Etymology
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penumbra (n.)

1660s, "partially shaded region around the shadow of an opaque body, a partial shadow," from Modern Latin penumbra "partial shadow outside the complete shadow of an eclipse," coined 1604 by Kepler from Latin pæne "nearly, almost, practically," which is of uncertain origin, + umbra "shadow" (see umbrage). Figurative use is by 1801. Related: Penumbral.

All points within the penumbra are excluded from the view of some part of the luminous body, and are thus partially shaded; while all points within the umbra, or total shadow, are completely excluded from view of the luminous body. [Century Dictionary]
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Ascians (n.)
inhabitants of the torrid zone, 1630s, from Medieval Latin Ascii, from Greek askioi, from a- "not, without" (see a- (3)) + skia "shade, shadow," which Beekes derives from PIE *skhieh- "shadow" (source also of Sanskrit chaya "shadow," also "image;" Persian saya "shadow," Albanian hie "shadow"). So called because they "haue the Sunne twice euery yeere in their zenith, and then they make no shaddowes at all" [Nathanael Carpenter, "Geographie Delineated forth in Two Bookes," 1635].
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adumbration (n.)

1550s, "faint sketch, imperfect representation," from Latin adumbrationem (nominative adumbratio) "a sketch in shadow, sketch, outline," noun of action from past-participle stem of adumbrare "to cast a shadow, overshadow," in painting, "represent (a thing) in outline," from ad- "to" (see ad-) + umbrare "to cast in shadow," from PIE root *andho- "blind; dark" (see umbrage).

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Amphiscians (n.)
1620s, from Medieval Latin Amphiscii, from Greek amphiskioi "inhabitants of the tropics," literally "throwing a shadow both ways," from amphi "on both sides" (from PIE root *ambhi- "around") + skia "shadow, shade" (see Ascians). Inhabitants of torrid zones, so called because they are "people whose shadow is sometimes to the North, and sometimes to the South" [Cockerham, 1623] depending on the sun being below or above the equator. Compare Ascians.
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sciotheism (n.)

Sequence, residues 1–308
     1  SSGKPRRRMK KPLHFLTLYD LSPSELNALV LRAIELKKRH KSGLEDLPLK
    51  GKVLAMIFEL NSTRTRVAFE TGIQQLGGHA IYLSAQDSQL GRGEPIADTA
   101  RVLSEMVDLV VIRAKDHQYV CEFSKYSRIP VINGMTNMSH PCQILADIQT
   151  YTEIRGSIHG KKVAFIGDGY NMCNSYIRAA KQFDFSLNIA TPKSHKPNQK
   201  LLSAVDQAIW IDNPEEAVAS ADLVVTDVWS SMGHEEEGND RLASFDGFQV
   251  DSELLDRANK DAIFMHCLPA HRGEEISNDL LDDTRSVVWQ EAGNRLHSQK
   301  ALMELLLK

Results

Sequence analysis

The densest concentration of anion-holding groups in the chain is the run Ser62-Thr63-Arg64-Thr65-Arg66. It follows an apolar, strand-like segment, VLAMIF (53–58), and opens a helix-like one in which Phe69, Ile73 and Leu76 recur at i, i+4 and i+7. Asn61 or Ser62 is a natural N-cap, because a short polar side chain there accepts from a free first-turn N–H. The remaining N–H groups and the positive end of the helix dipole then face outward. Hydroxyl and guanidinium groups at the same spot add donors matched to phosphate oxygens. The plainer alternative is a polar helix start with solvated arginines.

"ancestor-worship, deification of the shades of the dead," 1886 (Huxley); from Latinized combining form of Greek skia "shade, shadow" (see Ascians); also see theism.

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somber (adj.)

1760 "gloomy, shadowy" (earlier sombrous, c. 1730), from French sombre "dark, gloomy," from Old French sombre (14c.), from an adjective from Late Latin subumbrare "to shadow," from sub "under" (see sub-) + umbra "shade, shadow" (perhaps from a suffixed form of PIE *andho- "blind, dark;" see umbrage). Related: Somberly; somberness.

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umbra (n.)
1590s, "phantom, ghost," a figurative use from Latin umbra "shade, shadow" (see umbrage). Astronomical sense of "shadow cast by the earth or moon during an eclipse" is first recorded 1670s. Meaning "an uninvited guest accompanying an invited one" is from 1690s in English, from a secondary sense among the Romans. Related: Umbral.
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umbel (n.)
1590s in botany, from Latin umbella "parasol, sunshade," diminutive of umbra "shade, shadow" (see umbrage).
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sciamachy (n.)

1620s, "sham-fight for exercise or practice," from Latinized form of Greek skiamakhia "shadow-fighting, a sham fight," from skia "shade, shadow" (see Ascians) + makhē "battle" (see -machy). The notion in the Greek word is said sometimes to be "fighting in the shade" (i.e. practicing in school; ancient teachers taught in shaded public places such as porches and groves), but it seems also to have had a sense of "fighting with shadows, shadow-boxing." In English, often figurative, of futile combat with an imaginary enemy.

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Periscian (adj.)

1590s, "of or pertaining to the Periscii," the inhabitants of the Polar circle in ancient Greek imagination, literally (those) "throwing a shadow all round," from peri "round about" (see peri-) + skia "shade, shadow" (see, and compare, Ascians). So called because their shadows would revolve around them during the course of a summer day, when the sun is always above the horizon there.

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